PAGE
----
We were saying, all right, well, there's a time latency involved between when the database update occurs and when the index is updated, right? Or when the insert occurs and the index is updated. That was never taken into account. We just assumed that it was automatic. But it wasn't. And now we're saying we're going to make an external concern to the data store.
We're going to make it so that we can control that and maybe even make it tunable how much latency there is in between, depending on what our business requirements are.
Tonya Rae Moore: Jamie, I can tell that you are our in-house educator for a reason. Every time I hear you talk about anything, I learn so much. I do. I always enjoy learning from you. I appreciate you taking some time today.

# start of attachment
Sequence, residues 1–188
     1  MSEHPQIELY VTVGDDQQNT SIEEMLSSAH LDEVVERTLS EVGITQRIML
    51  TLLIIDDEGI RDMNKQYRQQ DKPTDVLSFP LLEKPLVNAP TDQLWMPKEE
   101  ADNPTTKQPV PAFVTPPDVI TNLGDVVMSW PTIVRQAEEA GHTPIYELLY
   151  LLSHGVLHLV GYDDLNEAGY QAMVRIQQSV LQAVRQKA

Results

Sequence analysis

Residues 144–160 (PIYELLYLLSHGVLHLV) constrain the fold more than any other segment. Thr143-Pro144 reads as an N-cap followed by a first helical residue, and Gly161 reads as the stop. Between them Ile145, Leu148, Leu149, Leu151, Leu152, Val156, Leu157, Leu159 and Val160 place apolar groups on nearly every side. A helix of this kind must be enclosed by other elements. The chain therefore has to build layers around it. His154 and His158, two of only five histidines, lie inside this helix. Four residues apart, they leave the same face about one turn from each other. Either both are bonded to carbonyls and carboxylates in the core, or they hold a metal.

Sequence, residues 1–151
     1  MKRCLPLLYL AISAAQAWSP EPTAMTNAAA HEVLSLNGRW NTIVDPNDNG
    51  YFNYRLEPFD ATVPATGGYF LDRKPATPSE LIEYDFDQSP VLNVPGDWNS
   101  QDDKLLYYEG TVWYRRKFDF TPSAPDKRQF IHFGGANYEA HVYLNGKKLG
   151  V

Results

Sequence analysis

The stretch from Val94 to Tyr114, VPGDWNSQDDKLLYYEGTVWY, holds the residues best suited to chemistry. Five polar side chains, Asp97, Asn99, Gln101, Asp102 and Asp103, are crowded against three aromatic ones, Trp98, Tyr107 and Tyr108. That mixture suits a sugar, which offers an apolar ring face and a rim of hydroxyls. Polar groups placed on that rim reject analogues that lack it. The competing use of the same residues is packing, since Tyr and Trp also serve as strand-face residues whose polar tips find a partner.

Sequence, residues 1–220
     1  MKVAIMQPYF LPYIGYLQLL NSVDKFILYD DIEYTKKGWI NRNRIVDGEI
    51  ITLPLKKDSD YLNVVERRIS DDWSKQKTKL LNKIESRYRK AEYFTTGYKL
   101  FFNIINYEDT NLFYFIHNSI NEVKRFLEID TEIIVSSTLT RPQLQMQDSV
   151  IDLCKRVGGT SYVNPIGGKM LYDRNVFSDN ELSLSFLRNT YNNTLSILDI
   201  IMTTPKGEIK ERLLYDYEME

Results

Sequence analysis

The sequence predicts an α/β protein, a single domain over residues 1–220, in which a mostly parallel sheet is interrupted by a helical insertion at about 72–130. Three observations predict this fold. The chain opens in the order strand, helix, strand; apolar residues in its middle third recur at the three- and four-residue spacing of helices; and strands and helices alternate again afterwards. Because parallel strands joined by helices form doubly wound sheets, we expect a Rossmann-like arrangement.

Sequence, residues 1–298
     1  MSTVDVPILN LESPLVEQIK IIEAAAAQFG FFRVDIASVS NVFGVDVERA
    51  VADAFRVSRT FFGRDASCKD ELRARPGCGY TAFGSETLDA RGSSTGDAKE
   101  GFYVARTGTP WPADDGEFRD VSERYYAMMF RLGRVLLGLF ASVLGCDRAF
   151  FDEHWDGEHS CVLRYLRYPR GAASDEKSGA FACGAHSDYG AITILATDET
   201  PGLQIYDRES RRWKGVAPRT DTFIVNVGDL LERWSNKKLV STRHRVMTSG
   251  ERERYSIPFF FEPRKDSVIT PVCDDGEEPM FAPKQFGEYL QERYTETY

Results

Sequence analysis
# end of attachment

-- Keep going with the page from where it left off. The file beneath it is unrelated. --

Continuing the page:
Jamie Allen: Thank you.
Tonya Rae Moore: Were you at the engineering meeting a couple weeks ago?
Jamie Allen: I was, but only briefly. I had to leave Tuesday night to fly to Riga.
Tonya Rae Moore: Ah, DevRiga, yeah, of course. Was there anything cool going on at the engineering meeting that you heard, that you can let us in on? Or any shout outs?
Jamie Allen: Yeah, I think the engineering meeting was largely focused on Lagom because, as a framework, it had so many -- not so many, but it had quite a few dependencies on other systems that were important, such as Akka, Akka Cluster, ConductR, our tool for orchestrating multiple instances of an application across multiple nodes.